Hiding of crime rap not ground for voiding vows

Persida Acosta

Persida Acosta

Dear PAO,
I have been married to my husband for almost a decade now. At present, we are having problems, especially because I recently found out and confirmed that he was charged with a crime of rape although the charge against him was dismissed because of a settlement with the victim. This surprised me and made me angry because I was already hearing gossips about this before we got married. I confronted him before about this, and he told me and even assured me that there were no criminal cases filed against him.

I realized that he fooled me and lied to me about this. I read somewhere that fraud can be a ground to annul a marriage. Because of this I am seriously thinking about annulling our marriage and I want to verify if I can use this as a ground to annul our marriage. Please advise me about this.

Dear Leslie,
It appears from your narration that you want to annul your marriage to your husband on the ground of his failure to disclose a criminal charge filed against him prior to your marriage. And this is because in your opinion, this is a fraudulent act that misled you to give your consent to marry him. Although you are correct that there is a law that includes fraud as a ground to annul a marriage, not all kinds of fraud can be used as a legal ground for this.

Article 46 of the Family Code of the Philippines enumerates the specific kinds of fraud that can be used as a ground to annul a marriage, to wit:

“Art. 46. Any of the following circumstances shall constitute fraud referred to in Number 3 of the preceding article:

(1) Non-disclosure of a previous conviction by final judgment of the other party of a crime involving moral turpitude;

(2) Concealment by the wife of the fact that at the time of the marriage, she was pregnant by a man other than her husband;

(3) Concealment of sexually transmissible disease, regardless of its nature, existing at the time of the marriage; or

(4) Concealment of drug addiction, habitual alcoholism or homosexuality or lesbianism existing at the time of the marriage.

No other misrepresentation or deceit as to character, health, rank, fortune or chastity shall constitute such fraud as will give grounds for action for the annulment of marriage.” (Emphasis supplied)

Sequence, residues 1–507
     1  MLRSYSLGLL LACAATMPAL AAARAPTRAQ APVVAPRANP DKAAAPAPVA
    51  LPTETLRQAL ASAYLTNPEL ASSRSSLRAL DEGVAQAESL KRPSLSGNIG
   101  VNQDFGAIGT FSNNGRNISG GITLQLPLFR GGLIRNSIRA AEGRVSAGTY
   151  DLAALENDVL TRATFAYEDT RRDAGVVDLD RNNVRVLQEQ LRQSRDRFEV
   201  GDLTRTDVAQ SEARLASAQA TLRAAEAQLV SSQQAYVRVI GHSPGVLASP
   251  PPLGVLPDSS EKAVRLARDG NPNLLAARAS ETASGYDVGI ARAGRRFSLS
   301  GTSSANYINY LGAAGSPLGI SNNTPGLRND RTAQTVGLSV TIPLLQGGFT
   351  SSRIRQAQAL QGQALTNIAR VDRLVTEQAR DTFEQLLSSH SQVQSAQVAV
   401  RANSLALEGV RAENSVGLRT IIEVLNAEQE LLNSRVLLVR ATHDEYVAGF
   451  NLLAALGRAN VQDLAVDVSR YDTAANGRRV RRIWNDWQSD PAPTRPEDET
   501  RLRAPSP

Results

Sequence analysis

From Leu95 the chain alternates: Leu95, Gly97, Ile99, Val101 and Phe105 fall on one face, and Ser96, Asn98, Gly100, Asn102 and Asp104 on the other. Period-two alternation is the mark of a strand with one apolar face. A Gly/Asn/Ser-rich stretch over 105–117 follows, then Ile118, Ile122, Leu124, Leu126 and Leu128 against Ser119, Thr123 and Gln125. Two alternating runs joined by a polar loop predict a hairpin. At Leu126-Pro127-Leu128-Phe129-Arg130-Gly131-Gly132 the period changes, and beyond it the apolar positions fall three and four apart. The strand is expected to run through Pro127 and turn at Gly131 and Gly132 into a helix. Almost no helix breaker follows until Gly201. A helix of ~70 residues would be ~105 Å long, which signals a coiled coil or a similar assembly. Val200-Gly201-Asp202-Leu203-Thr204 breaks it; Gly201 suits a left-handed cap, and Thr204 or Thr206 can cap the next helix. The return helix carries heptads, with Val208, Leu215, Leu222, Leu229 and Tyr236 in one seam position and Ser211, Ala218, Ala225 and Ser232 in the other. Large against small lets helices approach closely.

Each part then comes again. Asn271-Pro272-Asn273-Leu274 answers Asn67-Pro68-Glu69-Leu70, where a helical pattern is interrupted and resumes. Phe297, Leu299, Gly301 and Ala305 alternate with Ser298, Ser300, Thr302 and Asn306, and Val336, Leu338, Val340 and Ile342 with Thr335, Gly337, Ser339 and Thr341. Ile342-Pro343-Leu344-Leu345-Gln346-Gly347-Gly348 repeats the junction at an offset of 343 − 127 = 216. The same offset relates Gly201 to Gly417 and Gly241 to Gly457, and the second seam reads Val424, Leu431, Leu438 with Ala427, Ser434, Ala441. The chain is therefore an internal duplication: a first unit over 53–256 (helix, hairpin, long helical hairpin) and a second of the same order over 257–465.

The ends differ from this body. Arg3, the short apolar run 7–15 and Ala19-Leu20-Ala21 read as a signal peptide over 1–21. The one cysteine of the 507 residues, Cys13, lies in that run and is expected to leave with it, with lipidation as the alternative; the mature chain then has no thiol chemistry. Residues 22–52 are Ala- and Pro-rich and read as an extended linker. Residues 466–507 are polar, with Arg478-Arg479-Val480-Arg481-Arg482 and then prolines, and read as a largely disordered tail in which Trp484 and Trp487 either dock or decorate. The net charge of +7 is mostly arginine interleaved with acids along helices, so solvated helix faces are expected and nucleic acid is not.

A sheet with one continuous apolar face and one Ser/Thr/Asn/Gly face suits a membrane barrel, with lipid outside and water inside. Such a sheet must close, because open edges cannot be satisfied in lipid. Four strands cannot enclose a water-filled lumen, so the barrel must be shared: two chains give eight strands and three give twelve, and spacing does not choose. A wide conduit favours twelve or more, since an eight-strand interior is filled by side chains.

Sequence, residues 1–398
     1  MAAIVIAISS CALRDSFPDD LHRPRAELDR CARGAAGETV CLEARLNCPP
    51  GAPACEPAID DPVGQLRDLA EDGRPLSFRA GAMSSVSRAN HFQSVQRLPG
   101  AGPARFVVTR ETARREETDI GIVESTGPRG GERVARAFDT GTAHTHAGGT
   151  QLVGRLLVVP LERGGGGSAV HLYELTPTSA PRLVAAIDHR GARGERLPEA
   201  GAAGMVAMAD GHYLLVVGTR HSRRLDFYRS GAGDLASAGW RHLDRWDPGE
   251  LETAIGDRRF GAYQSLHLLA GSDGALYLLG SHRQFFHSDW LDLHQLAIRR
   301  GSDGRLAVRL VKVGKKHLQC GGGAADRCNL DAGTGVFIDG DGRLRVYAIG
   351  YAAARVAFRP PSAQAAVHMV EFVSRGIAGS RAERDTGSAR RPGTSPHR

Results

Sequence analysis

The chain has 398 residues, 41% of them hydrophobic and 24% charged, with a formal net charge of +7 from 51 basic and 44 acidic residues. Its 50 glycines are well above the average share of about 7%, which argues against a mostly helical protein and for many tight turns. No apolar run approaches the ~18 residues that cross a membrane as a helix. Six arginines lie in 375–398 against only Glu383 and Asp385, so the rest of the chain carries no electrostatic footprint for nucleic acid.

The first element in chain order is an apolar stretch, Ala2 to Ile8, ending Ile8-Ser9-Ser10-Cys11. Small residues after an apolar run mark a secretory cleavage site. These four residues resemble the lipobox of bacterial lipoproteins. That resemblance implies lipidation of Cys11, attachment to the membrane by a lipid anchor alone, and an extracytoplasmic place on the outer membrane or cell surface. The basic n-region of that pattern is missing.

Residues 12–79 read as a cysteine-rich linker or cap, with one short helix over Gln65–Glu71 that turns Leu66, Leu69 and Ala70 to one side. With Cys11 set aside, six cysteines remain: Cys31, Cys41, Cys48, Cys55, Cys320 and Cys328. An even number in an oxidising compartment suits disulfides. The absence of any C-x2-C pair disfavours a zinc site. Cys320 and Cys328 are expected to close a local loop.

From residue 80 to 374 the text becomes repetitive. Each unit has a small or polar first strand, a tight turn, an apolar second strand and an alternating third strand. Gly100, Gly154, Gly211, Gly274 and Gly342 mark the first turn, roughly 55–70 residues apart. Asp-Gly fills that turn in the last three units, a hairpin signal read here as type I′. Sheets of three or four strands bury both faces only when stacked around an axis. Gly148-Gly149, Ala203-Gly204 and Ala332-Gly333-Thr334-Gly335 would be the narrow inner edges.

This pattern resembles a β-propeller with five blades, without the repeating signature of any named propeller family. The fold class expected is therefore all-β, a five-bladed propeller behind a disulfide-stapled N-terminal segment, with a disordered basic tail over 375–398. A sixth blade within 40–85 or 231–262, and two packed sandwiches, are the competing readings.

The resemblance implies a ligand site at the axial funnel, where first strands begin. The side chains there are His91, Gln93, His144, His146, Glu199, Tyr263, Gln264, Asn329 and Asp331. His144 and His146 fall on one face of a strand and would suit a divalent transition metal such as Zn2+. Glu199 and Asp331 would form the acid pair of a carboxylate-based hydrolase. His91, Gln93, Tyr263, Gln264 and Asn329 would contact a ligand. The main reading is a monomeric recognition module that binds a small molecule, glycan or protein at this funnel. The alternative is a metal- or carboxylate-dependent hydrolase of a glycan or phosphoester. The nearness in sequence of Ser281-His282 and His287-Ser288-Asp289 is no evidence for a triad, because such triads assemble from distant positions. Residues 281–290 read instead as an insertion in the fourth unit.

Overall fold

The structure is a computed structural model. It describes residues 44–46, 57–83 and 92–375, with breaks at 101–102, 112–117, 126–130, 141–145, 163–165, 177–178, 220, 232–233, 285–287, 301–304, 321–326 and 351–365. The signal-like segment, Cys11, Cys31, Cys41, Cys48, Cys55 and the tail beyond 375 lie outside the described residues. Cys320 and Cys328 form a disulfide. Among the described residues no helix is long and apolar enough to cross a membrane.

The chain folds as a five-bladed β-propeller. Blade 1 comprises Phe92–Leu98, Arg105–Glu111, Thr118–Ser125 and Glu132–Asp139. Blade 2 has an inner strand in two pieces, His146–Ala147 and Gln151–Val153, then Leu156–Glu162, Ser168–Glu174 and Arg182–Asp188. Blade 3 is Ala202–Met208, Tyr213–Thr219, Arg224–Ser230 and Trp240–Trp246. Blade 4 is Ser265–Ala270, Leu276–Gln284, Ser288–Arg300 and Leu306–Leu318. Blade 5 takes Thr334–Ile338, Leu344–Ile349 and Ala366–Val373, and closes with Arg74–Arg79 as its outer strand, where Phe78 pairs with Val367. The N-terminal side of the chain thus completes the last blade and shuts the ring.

Considering the cited provision, non-disclosure of criminal charge is not among those that can be considered as a fraud for purposes of annulling a marriage. The nearest kind of fraud related to your concern is the non-disclosure of a previous conviction by final judgment of a crime involving moral turpitude. This is not applicable to your situation, because this ground requires a final judgment by a court. Since your husband was merely criminally charged and there was no final judgment as to his case, his non-disclosure of this fact does not qualify as a fraud that may be used to annul your marriage.

It is important to note that the above-cited list is exclusive. The law clearly states that no other misrepresentation can be used as a ground for annulment. Considering the exclusive wording of the law, any other fraudulent act not mentioned here, no matter how grave it may seem, cannot be invoked to annul a marriage. So while you may consider your husband’s non-disclosure of a criminal charge against him to be detestable and fraudulent, it still does not amount to fraud for purposes of annulling a marriage.

Again, we find it necessary to mention that this opinion is solely based on the facts you have narrated and our appreciation of the same. The opinion may vary when the facts are changed or elaborated.

We hope that we were able to enlighten you on the matter.

Editor’s note: Dear PAO is a daily column of the Public Attorney’s Office. Questions for Chief Acosta may be sent to dearpao@manilatimes.net


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